“Suzanne’s disappearance opened our eyes to the plight of others coping with similar tragedies and has brought us together so that we might help one another,” Mr. Lyall says, adding “a day never passes we don’t think about and miss our daughter.”
“For me and Doug and our older children (Steven and Sandra) there is no closure and never will be,” says Mrs. Lyall. “The best we can ever hope for is a resolve … a resolution. Even if Suzanne came back tomorrow and was able to celebrate her 35th birthday with us this April 6, it wouldn’t erase the 15 years she has been missing. You can never get back lost time with a loved one.”
The saving grace of the couple’s ordeal has been that they’ve come to view the journey that followed Suzanne’s disappearance from a different perspective.
Had this heavy cross not been placed on their shoulders, the Lyalls – who will celebrate 50 years of marriage in 2014 — would never have met many of the “wonderful people” whose paths have passed theirs in settings ranging from airports to conferences.
In addition to the advice and support they’ve received from such well-known newsmakers as John Walsh and Ed Smart, the Lyalls thank God for the people who would otherwise be strangers who now give them hugs or tell them their family is on a prayer list. “A small act or gesture really can make a large difference,” says Mrs. Lyall, an artist who has had little time to draw or paint since her daughter vanished.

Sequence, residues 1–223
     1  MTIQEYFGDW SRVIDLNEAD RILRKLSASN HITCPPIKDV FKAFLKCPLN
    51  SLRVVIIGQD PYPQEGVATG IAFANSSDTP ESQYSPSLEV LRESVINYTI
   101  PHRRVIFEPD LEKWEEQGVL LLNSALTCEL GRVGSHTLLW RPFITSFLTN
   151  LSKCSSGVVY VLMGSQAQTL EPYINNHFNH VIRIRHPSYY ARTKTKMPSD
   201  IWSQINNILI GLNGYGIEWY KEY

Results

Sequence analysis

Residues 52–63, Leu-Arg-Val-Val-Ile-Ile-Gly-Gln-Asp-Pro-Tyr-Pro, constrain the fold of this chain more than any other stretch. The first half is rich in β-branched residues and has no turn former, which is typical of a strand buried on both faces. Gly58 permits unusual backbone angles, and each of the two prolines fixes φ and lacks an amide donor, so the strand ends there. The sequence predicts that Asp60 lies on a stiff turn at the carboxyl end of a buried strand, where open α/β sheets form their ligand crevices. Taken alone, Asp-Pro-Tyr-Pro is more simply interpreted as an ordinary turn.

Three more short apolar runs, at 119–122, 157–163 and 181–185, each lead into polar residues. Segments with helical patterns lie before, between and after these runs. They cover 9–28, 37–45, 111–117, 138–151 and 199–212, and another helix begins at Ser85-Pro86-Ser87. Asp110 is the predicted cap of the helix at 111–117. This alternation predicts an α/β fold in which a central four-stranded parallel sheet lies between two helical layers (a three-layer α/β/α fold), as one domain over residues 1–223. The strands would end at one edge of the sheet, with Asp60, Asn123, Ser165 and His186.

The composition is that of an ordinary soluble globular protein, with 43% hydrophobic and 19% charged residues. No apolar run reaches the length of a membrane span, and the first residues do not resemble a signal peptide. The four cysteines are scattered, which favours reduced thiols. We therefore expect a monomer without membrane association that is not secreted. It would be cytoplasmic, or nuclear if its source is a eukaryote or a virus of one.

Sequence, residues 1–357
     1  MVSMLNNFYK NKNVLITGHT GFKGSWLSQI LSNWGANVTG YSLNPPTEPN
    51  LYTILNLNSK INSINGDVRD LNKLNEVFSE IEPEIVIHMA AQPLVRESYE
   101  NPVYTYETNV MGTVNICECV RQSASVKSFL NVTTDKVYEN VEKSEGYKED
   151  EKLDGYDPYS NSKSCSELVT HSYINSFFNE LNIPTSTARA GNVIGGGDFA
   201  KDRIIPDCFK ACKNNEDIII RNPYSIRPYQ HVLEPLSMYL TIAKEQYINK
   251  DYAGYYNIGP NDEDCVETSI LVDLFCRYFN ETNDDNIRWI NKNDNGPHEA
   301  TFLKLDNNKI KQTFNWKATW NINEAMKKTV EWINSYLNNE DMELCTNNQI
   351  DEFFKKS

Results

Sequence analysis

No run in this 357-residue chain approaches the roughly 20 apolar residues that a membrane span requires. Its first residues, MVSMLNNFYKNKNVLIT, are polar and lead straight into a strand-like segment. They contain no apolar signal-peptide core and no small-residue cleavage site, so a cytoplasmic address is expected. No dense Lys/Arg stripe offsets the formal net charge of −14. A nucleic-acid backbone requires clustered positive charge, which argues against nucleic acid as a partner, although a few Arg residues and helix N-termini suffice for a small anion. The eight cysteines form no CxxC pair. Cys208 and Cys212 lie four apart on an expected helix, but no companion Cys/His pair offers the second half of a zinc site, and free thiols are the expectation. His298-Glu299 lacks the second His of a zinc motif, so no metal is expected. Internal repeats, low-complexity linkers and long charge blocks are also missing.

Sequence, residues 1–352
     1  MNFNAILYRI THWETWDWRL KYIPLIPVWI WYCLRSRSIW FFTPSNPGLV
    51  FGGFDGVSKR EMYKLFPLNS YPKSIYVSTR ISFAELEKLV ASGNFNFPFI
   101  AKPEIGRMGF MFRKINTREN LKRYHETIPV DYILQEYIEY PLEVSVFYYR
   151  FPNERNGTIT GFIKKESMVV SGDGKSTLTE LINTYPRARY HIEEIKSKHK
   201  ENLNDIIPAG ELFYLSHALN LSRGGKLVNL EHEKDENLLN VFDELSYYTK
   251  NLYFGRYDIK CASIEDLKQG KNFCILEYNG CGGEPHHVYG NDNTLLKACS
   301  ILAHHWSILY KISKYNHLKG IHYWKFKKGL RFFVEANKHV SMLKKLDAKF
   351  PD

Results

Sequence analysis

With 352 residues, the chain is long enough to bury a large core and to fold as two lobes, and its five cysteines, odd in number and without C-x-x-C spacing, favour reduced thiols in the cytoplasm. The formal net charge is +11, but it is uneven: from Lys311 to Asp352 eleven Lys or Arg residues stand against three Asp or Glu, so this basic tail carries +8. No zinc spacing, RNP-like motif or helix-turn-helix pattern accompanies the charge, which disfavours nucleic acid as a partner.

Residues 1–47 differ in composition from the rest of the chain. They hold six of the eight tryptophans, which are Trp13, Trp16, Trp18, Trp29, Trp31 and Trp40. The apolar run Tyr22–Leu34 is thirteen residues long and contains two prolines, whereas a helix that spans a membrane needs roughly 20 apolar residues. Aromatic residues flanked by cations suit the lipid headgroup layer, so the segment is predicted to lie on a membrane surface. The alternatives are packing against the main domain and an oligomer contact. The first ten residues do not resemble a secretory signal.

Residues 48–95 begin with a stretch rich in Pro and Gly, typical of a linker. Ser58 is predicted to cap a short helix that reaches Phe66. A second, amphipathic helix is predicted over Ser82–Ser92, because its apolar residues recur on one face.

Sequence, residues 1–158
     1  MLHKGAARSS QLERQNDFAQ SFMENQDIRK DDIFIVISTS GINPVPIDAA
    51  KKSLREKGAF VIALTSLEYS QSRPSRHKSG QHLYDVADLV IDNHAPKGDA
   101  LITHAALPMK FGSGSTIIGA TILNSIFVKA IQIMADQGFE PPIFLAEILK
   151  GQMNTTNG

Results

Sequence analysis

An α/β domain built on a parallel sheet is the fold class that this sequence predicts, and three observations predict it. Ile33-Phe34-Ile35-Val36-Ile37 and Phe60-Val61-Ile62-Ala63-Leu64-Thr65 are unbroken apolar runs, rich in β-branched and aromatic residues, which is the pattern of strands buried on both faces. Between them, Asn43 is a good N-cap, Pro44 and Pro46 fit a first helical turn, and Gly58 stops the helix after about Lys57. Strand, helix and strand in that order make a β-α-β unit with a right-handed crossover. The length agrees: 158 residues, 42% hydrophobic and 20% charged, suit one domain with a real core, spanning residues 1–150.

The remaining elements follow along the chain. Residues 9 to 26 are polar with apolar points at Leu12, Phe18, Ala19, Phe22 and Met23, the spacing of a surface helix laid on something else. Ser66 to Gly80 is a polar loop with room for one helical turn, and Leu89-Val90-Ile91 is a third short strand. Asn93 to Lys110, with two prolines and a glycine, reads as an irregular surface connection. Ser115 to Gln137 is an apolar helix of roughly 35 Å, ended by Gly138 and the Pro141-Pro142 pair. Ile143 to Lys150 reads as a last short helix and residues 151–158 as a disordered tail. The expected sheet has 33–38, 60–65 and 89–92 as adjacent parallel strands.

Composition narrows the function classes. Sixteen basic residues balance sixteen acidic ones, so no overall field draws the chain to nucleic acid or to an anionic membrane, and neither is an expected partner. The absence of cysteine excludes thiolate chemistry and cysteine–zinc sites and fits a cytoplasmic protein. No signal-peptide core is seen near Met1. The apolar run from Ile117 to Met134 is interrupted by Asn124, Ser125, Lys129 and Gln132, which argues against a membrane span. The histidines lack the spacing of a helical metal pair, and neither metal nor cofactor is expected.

The Lyalls are exceedingly grateful to the owners of the magnificently renovated Old Chocolate Factory for donating the commercial space that has been occupied by The Center for HOPE since around the turn-of-the-millennium. “We’d been operating out of our house a few miles away and were deeply moved the day Jerry DeFilippo (a father of two who is one of the historic landmark’s owners) came forward with the generous offer to give our not-for-profit a home,” says Mr. Lyall.
In addition to being the catalyst behind the proclamation that led to the establishment of the first NYS Missing Persons Day in 2001, the groundwork for many other initiatives have been laid behind the center’s doors.
It was here the Lyalls and the organization’s Board of Directors, with support from citizens, community leaders and elected representatives, worked together to help bring about the NYS Campus Safety Act, the Missing Persons Alert System through the NYS Thruway, Missing Persons profiles on NYS tax forms, Assault and Abduction Free School Zones and a piece of federal legislation called Suzanne’s Law.
More recent accomplishments include having decks of “Cold Case” playing cards produced that are now available to inmates at the county jails throughout NYS. “We are hopeful that the cards will jog someone’s memory and lead to the arrest and conviction of the perp responsible for unsolved abductions and murders,” says Mr. Lyall.
The Lyalls are also committed to expanding the radKIDS program – a subject to be probed in a subsequent part of this series.
To learn more, please visit www.hope4themissing.org
To read PART II of this series, CLICK HERE.